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03 Dec 2021

WHO expresses concern over false sense of security that vaccines have ended pandemic

WHO expresses concern over false sense of security that vaccines have ended pandemic

WHO expresses concern over false sense of security that vaccines have ended pandemic

The World Health Organisation (WHO) has expressed concern about a false sense of security that vaccines have ended the pandemic. 

Director-General of WHO, Dr Tedros Adhanom Ghebreyesus, urged people to continue taking precautions to prevent infection even if they are already vaccinated. 

In a speech last night (November 24th), he said, "If you are vaccinated you have a much lower risk of severe disease and death, but you're still at risk of being infected and of infecting others. We cannot say this clearly enough; even if you are vaccinated, continue to take precautions to prevent becoming infected yourself and infecting someone else who could die."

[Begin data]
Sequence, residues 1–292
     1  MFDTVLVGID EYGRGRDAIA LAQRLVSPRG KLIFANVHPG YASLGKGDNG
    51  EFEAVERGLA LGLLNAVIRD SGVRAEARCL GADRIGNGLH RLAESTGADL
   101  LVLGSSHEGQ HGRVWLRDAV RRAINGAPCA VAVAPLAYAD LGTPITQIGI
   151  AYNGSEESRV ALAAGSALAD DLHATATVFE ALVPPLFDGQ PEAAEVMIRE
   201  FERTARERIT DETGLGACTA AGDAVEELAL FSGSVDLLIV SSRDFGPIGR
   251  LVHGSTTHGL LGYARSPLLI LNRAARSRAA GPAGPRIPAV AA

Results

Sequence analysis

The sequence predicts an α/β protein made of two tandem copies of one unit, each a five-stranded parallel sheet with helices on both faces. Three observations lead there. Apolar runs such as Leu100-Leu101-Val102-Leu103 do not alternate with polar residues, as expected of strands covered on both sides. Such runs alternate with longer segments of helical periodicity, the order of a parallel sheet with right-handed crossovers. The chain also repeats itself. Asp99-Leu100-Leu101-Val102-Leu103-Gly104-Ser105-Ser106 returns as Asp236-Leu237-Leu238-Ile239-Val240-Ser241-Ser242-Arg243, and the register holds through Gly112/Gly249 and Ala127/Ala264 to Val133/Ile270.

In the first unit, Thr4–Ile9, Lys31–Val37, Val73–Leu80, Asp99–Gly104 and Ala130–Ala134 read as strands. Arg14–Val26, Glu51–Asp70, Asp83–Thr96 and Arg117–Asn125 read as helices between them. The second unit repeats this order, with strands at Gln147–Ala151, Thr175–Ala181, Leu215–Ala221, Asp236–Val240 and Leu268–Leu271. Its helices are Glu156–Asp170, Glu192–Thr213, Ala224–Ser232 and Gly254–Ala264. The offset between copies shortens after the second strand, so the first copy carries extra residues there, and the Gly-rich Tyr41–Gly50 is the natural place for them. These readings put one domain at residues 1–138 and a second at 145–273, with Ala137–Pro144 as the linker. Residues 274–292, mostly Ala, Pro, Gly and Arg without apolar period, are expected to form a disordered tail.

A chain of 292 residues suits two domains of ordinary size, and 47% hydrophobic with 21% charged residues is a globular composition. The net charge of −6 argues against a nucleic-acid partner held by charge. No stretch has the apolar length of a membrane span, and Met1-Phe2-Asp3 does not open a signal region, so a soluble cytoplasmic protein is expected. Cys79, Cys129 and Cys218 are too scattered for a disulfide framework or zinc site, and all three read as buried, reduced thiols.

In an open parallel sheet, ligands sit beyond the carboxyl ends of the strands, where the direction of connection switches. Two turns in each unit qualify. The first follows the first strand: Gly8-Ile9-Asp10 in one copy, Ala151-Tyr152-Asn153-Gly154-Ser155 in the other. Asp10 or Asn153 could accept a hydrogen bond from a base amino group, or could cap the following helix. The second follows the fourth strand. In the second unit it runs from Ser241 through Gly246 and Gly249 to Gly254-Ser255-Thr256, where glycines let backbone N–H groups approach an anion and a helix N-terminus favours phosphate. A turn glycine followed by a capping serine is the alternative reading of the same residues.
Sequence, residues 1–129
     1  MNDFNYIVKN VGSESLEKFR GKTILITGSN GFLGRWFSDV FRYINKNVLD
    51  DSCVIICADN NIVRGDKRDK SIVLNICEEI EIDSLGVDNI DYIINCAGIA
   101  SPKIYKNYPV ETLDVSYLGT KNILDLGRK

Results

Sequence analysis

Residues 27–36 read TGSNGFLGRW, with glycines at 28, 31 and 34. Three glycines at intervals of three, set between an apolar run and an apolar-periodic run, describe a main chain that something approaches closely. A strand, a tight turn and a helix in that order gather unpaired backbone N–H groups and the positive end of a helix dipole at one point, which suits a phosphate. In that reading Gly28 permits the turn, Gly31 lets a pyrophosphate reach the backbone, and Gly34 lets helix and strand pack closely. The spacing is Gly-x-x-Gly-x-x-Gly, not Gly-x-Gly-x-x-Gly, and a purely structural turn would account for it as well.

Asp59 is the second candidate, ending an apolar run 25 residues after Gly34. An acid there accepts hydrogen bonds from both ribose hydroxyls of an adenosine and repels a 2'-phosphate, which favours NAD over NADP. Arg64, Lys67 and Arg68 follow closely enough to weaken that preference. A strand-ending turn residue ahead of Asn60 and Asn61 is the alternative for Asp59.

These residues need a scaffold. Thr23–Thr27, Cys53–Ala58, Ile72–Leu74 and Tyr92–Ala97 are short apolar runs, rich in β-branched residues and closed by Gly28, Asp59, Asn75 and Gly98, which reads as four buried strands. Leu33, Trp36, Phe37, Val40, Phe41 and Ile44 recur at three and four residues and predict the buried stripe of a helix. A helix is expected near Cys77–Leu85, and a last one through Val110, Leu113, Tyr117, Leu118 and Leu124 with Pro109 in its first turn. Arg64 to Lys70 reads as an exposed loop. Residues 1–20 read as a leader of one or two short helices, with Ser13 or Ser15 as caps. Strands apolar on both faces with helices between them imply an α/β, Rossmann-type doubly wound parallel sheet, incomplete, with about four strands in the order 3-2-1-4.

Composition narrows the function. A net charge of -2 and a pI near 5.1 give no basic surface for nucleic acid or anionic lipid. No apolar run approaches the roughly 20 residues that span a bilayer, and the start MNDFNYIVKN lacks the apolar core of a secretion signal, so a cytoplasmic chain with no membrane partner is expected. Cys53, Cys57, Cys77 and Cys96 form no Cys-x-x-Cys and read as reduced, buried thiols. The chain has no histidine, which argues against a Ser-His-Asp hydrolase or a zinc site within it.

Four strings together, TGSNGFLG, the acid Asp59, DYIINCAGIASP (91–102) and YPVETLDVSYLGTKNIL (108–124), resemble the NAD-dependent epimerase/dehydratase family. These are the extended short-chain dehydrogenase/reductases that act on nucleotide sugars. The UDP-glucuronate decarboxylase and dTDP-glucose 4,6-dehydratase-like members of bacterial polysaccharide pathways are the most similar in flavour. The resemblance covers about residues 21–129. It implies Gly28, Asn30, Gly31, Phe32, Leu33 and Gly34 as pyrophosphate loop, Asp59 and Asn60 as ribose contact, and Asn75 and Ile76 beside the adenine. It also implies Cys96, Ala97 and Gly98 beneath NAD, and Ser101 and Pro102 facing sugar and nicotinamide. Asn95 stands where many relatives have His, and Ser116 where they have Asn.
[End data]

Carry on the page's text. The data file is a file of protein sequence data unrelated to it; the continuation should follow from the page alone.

According to Dr Tedros, vaccines reduced transmission by approximately 60% before the arrival of the Delta variant, and with Delta that has now dropped to about 40%. 

He said, "If you are vaccinated you have a much lower risk of severe disease and death, but you're still at risk of being infected and of infecting others. We cannot say this clearly enough; even if you are vaccinated, continue to take precautions to prevent becoming infected yourself and infecting someone else who could die." 

RTE reported in October that the president of the Royal College of Physicians Ireland (RCPI), Professor Mary Horgan, warned people get a false sense of security due to Ireland's high vaccination rate. 

She reportedly said the basics such as hand hygiene and mask wearing are "so, so important". 

Dr Tedros recommends continuing infection prevention techniques such as mask-wearing, maintaining distance, avoiding crowds and meeting others outside or inside in a well-ventilated space. 

He concluded: "We continue to call on all governments to implement a comprehensive and tailored approach of public health and social measures to prevent transmission, take the pressure off health systems and save lives. And it's vital that countries get patients that need care into the clinical care pathway earlier. That applies to all countries in all situations." 

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